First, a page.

3. Delivery to Mahgnitton (Page 1)

Walking through wet sand in heels is much harder than my books make it sound, the covert princess thought as she and the band of pirates, who carried chests filled with their stolen goods, tromped across a dismally grey beach toward a cluster of thatch-roofed huts. Constantly playing with her hair to cover the left side of her face, she looked back in wonder at the Jupiter's Return floating as effortlessly as it did in the air and said to Antenor walking beside her, “I’ve never actually docked in the water like that before.”

“That’s how they did it back when my father was a boy, in the days before ships flew, and that's the only way to do it in an old town like this.”

“And where is this exactly?”

“Mahgnitton. A small island village off the coast of Offenpain.”

“Offenpain?” Her hair slipped from her fingers for a moment before she began fumbling to adjust it again. “But that’s─”

“Not a place you’d want to live?” interrupted Firious, “What ─ with the tyrannical dictator of a queen, insanely high taxes, and extreme national debt? Not to mention the constant contagions and pest problems. Oh, trust me, we know, but this is the only place some of us have to call home.”

“You live here?” She gasped.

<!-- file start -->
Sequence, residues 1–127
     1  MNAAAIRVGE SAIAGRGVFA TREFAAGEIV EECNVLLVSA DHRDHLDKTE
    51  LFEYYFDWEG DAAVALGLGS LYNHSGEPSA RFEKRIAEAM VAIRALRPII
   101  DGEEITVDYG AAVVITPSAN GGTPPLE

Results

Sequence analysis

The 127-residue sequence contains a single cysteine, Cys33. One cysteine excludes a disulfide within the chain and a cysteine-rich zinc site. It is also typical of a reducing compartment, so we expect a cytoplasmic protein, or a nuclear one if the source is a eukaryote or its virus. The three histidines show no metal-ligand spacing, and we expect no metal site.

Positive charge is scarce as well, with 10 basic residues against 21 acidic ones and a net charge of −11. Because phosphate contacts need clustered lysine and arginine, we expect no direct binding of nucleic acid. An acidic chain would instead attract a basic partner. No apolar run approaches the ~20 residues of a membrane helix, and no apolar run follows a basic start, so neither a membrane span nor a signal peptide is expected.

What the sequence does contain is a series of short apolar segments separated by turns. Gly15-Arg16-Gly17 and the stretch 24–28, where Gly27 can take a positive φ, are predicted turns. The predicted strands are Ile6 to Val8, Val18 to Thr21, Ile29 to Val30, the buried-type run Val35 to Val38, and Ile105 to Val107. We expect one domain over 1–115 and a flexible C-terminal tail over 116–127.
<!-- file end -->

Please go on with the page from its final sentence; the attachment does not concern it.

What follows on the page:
“Not all of us,” Antenor replied. He pointed to Levi, “But the captain and most of the crew were born and raised in this village. Their families still live here.” He gestured to the huts that now surrounded them.

If it weren’t for the smell of human waste that permeated her nostrils or the dirt-caked laundry hung out to dry, Hataru would have mistaken the town to be deserted. Everywhere she looked, she saw poverty and devastation. A single cow, so skinny she could count its ribs, silently watched them pass from where it stood tethered to a post, and the young woman had a feeling that the poor thing had not produced milk for many years. A gaggle of geese waddled by, honking weakly, but besides the bovine and the occasional seabird, she did not see any other form of life. That is, until she heard the children.

It started with a single cry, “Mama, they’re back!” and then like a herd of thundering elephants, forty pairs of tiny feet crept out of every nick and cranny and stormed down the road in a mob of waving hands and missing-tooth grins to greet the pirates, gleeful voices shouting, “Papa! Papa!” and “Captain Levi!” Many of the men dropped their loads and scooped a child or two into their arms, laughing and crying simultaneously.

Next, the women arrived, clothed in faded, hand-woven fabrics, the stress-induced wrinkles in their faces temporarily vanishing as they rushed to embrace their husbands. Other men peeked out of doorways, sharing in the joy of their neighbors.

“Alright, alright!” the captain boomed over a group of children who had flocked around him, “You want to know if I’ve brought something special?”

“Yes!” they clapped.

“Something, like… sweets?


The End

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